Today’s culture is intensely interested in and infatuated with the lives of others.
With the Internet and social, it takes little effort to find out and keep up with what’s going on around us. Technology is amazing, and I’m thankful it allows us to be and stay connected, but be careful.
As I spend unhealthy amounts of time peering into the lives of others, I find myself comparing. I become distracted and farsighted, losing focus on the people and aspects of life that are closest to me. This cultivates the perfect environment for a type of bacteria to creep in, called discontentment.
After shallow analysis and justification, it’s clear that this area of life is unacceptable and can, nay, needs to improve. Therefore I react, conjuring up my next move because I deserve better and the grass is undoubtedly greener on the other side.
Then there’s the aspect of life that feels like that insatiable desire to get followers on Twitter or gather likes on Facebook.
There’s this prideful beast inside of me that hungers for acceptance, fame, fortune, notoriety. To keep this beast fed, I skew the way I portray or live life to conform to a level that brings me closer to being socially acceptable and highly regarded (whatever that means).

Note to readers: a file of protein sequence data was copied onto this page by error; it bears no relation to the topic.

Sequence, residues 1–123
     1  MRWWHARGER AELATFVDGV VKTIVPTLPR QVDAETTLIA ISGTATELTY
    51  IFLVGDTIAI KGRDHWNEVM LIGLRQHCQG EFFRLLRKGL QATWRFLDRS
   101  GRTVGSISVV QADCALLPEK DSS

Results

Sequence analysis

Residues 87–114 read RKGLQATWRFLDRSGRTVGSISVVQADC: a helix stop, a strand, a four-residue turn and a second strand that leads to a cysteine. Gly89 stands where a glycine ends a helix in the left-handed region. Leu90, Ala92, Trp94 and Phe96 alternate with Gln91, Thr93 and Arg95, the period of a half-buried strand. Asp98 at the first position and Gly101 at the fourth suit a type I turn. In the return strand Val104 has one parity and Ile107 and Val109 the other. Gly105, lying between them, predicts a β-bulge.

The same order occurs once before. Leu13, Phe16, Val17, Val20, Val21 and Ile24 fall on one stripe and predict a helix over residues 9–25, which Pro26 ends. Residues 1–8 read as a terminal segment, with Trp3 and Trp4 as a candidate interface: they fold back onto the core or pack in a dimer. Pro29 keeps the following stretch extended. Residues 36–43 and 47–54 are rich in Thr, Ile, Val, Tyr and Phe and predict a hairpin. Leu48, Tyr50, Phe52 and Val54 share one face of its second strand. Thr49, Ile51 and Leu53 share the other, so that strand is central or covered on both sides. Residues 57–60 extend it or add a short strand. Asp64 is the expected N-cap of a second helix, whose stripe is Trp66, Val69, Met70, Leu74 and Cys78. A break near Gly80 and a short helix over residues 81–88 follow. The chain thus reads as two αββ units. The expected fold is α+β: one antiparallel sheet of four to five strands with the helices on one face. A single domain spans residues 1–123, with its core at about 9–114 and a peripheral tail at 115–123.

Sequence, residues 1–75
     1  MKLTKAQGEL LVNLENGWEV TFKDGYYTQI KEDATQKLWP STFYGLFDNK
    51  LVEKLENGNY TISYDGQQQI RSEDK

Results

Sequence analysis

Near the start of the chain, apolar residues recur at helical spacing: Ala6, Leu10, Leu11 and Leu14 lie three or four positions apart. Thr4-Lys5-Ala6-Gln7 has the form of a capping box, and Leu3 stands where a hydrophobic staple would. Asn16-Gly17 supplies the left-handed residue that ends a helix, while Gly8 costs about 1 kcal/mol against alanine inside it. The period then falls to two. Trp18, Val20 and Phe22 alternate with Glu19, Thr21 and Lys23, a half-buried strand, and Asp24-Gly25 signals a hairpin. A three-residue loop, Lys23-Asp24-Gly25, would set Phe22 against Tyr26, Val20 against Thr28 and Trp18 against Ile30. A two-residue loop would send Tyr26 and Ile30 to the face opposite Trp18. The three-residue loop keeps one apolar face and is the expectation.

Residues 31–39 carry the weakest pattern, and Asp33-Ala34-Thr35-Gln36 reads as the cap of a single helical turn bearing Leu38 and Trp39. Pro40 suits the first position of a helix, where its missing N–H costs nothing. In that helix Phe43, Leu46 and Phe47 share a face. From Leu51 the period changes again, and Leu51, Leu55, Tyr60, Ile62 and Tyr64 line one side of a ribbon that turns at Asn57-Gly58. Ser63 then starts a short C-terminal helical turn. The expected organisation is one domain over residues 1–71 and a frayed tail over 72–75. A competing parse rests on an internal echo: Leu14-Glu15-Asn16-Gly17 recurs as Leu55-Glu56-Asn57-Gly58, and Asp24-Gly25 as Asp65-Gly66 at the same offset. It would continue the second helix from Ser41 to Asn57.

I begin to live life less for the key people in my life and more for the spectators that acknowledge me and occasionally shower me with adoration—living for the applause.
I’m married, I have 2 kids, and most of my days are spent with my family, working, or sleeping.
My Instagram and Facebook feeds are filled with pictures of and posts about my family and kids. I hardly attend social gatherings, and if I do, I’m usually one of the first ones to leave.
Excitement? Leaving the kids with a babysitter and getting away with my wife for a few hours to eat out, go shopping, or aimlessly roam the streets of Chicago.
Friday nights? If it isn’t date night with my wife, we’re home or we’re having a family date and home by 9pm.
Living on the edge? Putting our kids to bed, pulling out the good snacks, and watching Monday Night Football with my wife.
I stay out late once a year—Black Friday shopping with wife. We leave at 9pm Thursday night, and we’re usually home by 2am.
I party hard… on my wife’s and kids’ birthdays.
I hang out… with my wife and kids.
I pull all-nighters… in my sleep.
I go clubbin’… never.
I’ve been at life for 29 years, and I’ve noticed that at the surface I so badly want fame, notoriety, and recognition, but way deep-down inside, I want less to leave behind a renown legacy and more to be a good husband, a good dad, and a good friend to few; less to change the world and more to affect those around me; less to be on stage and speak to hundreds and more to have one-on-one conversations. I’m not adorned by thousands, but I’m “hubby” to one person that truly matters. I’m no celebrity, but I’m “daddy” to the two children that matter most.
My life is far from astonishing or awe-inspiring—in fact, some may consider it boring. But if my life is boring, let it be boring because I live boring on purpose. Don’t be fooled—it doesn’t come naturally. My innate sin-nature wouldn’t allow it if it wasn’t on purpose.
Maybe I’m too simple, and it’s probably just one of my many flaws, but at the last days of my life, woe unto me if I’ve managed to win the hearts of many but failed to keep the hearts of my loved ones.